Geena Davis, who launched the Geena Davis Institute on Gender in Media a year before Obama came to power, founded the Bentonville film festival in 2010 to promote diversity. Elsewhere, the female cast of 2016’s Ghostbusters reboot endured the same sort of roasting from anonymous bigots as Boyega and Elba before them, with Leslie Jones the primary target of misogynoir activism online. That the film came out in the year that Hillary Clinton will become America’s first female president feels almost too pat – the symbolism is impossible to miss.
Also notable in cinema during Obama’s presidency, and arising from the sort of positive identity politics he stands for, is the rise of the #OscarsSoWhite movement, which sought to counter racist discrimination against black actors onscreen, and led to a public debate about awards going to white actors year after year. The conversation continues, rippling around film industries all over the world, with questions about black representation being asked in France, and prominent actors like David Oyelowo chastising the British film industry for not providing more roles for people of colour. Again, while the situation is not positive, the message sent by this activism, and by the championing of work by people of colour, can sometimes rise above the problem itself.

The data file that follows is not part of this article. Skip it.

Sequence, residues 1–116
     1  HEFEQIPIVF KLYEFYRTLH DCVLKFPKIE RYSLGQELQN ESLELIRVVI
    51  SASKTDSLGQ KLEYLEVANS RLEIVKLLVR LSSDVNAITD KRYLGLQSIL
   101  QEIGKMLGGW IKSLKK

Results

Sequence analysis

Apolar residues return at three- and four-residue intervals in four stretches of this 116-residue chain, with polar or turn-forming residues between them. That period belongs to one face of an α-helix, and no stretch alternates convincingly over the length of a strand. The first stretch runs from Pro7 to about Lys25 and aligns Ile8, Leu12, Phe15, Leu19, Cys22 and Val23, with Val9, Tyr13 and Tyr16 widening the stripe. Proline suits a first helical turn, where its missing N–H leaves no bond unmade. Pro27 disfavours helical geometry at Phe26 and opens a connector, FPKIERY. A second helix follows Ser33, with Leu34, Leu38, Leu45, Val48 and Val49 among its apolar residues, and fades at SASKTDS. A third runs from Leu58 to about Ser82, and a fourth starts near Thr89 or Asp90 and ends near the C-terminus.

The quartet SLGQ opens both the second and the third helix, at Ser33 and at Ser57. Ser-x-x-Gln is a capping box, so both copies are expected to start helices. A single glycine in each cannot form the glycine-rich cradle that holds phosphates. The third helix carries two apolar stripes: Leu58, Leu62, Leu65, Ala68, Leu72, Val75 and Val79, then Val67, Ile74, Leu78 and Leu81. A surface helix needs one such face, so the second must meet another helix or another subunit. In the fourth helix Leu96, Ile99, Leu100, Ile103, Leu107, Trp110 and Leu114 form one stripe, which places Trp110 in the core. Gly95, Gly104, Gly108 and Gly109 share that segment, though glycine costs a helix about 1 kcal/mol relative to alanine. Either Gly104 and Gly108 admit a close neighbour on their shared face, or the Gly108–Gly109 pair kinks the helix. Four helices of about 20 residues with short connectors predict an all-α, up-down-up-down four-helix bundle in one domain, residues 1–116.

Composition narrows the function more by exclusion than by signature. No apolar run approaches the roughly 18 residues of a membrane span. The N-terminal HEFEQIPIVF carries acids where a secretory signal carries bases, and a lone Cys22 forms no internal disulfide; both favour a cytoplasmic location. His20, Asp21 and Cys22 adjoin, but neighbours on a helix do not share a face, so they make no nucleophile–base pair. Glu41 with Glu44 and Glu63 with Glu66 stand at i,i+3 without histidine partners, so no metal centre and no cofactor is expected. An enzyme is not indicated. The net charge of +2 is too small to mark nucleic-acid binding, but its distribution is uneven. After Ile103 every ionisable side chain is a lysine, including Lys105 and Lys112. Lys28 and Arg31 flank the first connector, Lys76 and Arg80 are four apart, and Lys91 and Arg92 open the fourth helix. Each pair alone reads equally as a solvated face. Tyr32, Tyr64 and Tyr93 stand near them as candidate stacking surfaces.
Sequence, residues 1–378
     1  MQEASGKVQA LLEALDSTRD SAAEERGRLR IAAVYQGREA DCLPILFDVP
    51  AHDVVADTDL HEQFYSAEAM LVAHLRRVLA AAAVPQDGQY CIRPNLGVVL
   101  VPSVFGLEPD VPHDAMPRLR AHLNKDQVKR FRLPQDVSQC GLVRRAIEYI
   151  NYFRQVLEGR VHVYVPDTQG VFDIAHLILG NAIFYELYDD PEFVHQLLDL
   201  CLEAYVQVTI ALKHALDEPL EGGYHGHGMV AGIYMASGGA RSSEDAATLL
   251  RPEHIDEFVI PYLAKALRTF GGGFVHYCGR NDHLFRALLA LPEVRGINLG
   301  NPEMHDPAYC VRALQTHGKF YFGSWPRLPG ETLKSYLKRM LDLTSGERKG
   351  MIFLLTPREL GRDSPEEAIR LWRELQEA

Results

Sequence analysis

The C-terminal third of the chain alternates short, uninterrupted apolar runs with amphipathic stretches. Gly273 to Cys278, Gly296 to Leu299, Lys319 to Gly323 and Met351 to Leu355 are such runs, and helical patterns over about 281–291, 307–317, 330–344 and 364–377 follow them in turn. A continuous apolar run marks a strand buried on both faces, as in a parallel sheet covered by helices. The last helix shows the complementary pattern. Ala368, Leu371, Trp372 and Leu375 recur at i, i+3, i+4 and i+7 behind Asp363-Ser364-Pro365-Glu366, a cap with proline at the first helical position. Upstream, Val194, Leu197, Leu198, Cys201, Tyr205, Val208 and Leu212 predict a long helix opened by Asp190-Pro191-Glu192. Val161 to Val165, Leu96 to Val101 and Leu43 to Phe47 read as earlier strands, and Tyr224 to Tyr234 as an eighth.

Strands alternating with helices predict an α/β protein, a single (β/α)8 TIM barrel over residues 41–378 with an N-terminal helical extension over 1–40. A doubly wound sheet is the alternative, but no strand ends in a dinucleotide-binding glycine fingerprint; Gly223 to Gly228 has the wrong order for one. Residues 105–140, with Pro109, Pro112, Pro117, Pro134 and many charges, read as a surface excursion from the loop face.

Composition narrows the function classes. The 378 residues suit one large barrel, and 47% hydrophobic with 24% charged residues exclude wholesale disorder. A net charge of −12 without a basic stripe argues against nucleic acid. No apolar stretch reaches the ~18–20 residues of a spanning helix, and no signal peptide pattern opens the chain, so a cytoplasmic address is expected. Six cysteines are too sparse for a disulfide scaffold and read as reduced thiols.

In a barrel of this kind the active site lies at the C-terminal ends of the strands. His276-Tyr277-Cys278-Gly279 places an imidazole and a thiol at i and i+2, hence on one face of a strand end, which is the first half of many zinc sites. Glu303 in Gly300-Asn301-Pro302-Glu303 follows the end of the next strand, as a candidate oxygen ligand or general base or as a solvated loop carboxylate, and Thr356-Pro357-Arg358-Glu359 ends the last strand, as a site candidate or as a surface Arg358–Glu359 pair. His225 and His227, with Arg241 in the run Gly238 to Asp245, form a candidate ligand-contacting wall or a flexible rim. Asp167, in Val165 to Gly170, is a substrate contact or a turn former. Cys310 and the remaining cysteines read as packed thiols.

It seems likely that the realities of Obama’s administration will hit home in film sometime after he has departed: much as the war in Iraq came home to roost long after Bush had gone, we will only get the Black Lives Matter film that was presaged during the Obama era once the peaceful transfer of power has taken place. But something of the hope, of the need for change that he represented, hangs in the air.
Published 4 Nov 2016
By Vadim Rizov
Vadim Rizov considers the mainstream appeal of a trilogy of proudly racist films by one of conservative America’s most potent voices.
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In our latest Obama Era Cinema essay, Stephen Winter considers the impact of two controversial role reversal fantasies.